The enduring life of Kaylee Wallace unleashed a torrent of emotion yesterday as her father vowed to continue his fight to donate the dying two-month-old's heart.
A transplant attempt meant to save the life of a second girl failed last night after Kaylee, who has a rare condition that causes her organs to shut down in sleep, stayed awake when taken off life support.
"I tried so hard to just tell her calmly: 'Go to sleep honey, its time to go see the angels,' " father Jason Wallace said. "I will continue to fight this ... if she's going to die, we still have to try. The heart's there."
After an hour, Toronto hospital officials abandoned the plan, leaving the high-profile transplant in limbo.
"Her heart continued to beat, she was in no distress, so she's not a candidate for donation," Jim Wright said.
Mr. Wallace and the baby's mother, Crystal Vitelli, took Kaylee home two weeks ago, believing their little girl was well enough to leave hospital. Shortly afterwards, they were back. Her rare condition, Joubert syndrome, has left her unable to breathe while asleep without a machine.
"She moves, she wakes up, she opens her eyes, but when she sleeps, she essentially dies," Mr. Wallace said. "It's hard watching her be a vibrant baby. When she goes to sleep, the machine does the rest."
Meanwhile, Melanie Bernard and Kevin O'Connor of Prince Edward Island were awaiting a miracle for their daughter Lillian: an infant organ donation, of which there are usually only two or three a year in Ontario.
The parents met at Sick Kids and discovered what seemed like a perfect match, although it was at first ruled out.
Kaylee was first deemed unsuitable as a donor. Doctors feared she would die too slowly, thereby damaging the heart and rendering it unusable for transplant. But that appeared to have changed yesterday, when a reappraisal of her health made her eligible to donate.
"This is a highly complicated situation fraught with personal, moral and ethical issues," said Dr. Wright, the Hospital for Sick Children's surgeon-in-chief.
Kaylee's parents agreed to try, adamant that their daughter's life should end in the potential saving of another. They were pillars of strength as they spoke before the attempt.
"She's brought so much to our families," Mr. Wallace said. "This is our first child. The dreams of the grandparents and the hopes of the future - if you would have a child, to go to school and grow up and do all these things - those dreams have been dashed."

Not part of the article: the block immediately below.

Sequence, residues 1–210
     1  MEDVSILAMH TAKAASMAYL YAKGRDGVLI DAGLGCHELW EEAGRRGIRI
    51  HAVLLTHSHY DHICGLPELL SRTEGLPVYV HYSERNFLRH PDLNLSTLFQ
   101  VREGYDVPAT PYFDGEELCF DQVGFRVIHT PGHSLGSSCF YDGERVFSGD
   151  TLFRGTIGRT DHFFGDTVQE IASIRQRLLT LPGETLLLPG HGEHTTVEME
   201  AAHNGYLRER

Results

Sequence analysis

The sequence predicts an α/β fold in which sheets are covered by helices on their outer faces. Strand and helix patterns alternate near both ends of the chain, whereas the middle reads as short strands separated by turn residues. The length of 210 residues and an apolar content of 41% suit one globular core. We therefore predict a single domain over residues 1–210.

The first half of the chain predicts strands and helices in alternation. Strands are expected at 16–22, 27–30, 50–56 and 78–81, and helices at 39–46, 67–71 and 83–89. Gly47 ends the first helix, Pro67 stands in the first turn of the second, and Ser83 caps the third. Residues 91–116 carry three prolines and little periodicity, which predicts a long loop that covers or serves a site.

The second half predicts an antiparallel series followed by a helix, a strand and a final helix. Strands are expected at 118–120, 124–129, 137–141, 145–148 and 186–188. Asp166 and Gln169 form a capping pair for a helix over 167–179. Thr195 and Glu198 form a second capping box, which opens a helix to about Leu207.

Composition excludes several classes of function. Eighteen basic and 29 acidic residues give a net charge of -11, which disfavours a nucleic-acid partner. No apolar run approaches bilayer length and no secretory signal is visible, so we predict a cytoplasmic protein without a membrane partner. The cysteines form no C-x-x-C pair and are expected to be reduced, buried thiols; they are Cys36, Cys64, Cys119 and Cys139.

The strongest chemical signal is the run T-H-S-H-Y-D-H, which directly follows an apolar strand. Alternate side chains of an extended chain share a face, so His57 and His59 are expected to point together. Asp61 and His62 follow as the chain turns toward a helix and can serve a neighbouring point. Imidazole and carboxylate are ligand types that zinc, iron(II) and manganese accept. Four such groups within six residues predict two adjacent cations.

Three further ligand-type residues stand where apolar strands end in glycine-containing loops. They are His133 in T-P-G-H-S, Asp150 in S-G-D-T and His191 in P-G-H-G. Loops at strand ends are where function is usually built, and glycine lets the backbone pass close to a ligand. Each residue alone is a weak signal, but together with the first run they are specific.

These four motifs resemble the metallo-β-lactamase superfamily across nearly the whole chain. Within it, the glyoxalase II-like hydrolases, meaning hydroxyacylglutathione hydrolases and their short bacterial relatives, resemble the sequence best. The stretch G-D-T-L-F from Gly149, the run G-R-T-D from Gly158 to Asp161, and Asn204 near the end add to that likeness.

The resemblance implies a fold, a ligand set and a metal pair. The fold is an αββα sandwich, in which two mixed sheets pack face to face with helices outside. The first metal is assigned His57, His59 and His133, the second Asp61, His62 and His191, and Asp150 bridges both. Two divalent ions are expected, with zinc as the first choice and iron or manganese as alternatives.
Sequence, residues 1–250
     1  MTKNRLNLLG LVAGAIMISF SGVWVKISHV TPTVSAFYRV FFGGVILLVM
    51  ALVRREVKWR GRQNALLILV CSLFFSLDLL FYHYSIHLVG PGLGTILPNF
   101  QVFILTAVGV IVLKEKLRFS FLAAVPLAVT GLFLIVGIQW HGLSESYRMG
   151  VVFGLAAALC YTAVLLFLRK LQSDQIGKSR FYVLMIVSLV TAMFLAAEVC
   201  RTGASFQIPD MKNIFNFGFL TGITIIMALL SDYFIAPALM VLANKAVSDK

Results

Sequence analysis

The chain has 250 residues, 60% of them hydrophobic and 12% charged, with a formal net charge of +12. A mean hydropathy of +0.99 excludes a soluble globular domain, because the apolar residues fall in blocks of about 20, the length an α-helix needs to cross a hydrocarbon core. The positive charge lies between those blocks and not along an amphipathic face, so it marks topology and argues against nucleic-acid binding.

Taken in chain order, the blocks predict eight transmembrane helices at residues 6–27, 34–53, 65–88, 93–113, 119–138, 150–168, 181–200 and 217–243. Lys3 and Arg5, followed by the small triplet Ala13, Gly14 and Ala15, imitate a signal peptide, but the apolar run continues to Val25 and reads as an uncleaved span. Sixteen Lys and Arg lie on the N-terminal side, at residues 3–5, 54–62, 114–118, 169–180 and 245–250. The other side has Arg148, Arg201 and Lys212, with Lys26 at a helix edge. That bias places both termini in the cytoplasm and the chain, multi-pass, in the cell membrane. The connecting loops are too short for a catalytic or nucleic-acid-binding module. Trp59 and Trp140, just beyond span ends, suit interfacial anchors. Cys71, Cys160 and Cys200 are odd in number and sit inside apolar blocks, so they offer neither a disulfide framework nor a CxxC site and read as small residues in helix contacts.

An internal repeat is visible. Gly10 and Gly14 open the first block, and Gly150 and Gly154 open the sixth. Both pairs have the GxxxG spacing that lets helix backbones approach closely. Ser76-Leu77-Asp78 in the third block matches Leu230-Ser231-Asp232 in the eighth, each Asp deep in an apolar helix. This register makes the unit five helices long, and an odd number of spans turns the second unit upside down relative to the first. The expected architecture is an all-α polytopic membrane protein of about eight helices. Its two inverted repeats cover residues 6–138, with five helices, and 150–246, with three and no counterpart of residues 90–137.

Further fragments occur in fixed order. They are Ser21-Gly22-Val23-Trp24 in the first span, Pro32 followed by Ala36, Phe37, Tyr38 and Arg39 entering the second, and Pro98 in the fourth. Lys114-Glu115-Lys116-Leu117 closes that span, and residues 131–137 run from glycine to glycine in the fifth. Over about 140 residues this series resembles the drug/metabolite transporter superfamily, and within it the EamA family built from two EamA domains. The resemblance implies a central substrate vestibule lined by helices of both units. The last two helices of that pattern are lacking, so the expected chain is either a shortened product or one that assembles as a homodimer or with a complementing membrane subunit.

After the failed attempt, with his wife inside the hospital holding her daughter, Mr. Wallace pledged to fight for a life-saving donation as long as his daughter's own fate is sealed. Both girls returned to intensive care last night.
"We need to consider trying this again. I know it's hard on everybody out there," he said. "The reality is this isn't about the TV cameras and everything else, it's about a child."
The case raised issues about directed organ donations, and donations made after cardiac death.
While living donations can be made for a specific person - such as donating a kidney to a family member - medical ethicist Kerry Bowman said this situation was different.
It was essential that the normal donation protocols be followed, he said, and they were. Kaylee's heart was made available to the entire transplant waiting list and then given to the person in most need. Despite widespread speculation, it wasn't clear if the second child was, in fact, Lillian.
"People are horrified by what a difficult situation it is, but I don't find ethically it's as tense as some cases we see," Mr. Bowman said.
Frank Merkell, president of the provincial organ donation agency, the Trillium Gift of Life Network, praised the family's leadership.
"This can't help but impress people. He [Mr. Wallace]is a leader. He's providing the public leadership we so badly need," Mr. Merkell said. "I wish every family in Ontario felt as strongly about donation as this family does."
The high-profile case has resonated from coast to coast. Two days ago, Brian and Denise Geislinger turned off their phones, bought a cake, and marked in tears what would have been the first birthday of their first child, Jonas. But last year, with their boy critically ill and without hope of recovery, the Edmonton couple took him off life support. He died at just 27 days old.
"They pulled the tubes out, and we got to hold him, and he was our first child as well. We know exactly what they're going through," said Ms. Geislinger, now six months pregnant. "We're the part of this little club that we never thought we'd ever belong to, and that we never wanted to be, and we're fundamentally changed people."
"What an amazing thing they [Mr. Wallace and Ms. Vitelli]are doing, to save another couple ... it's taking something so horrible and making something so positive."Report Typo/Error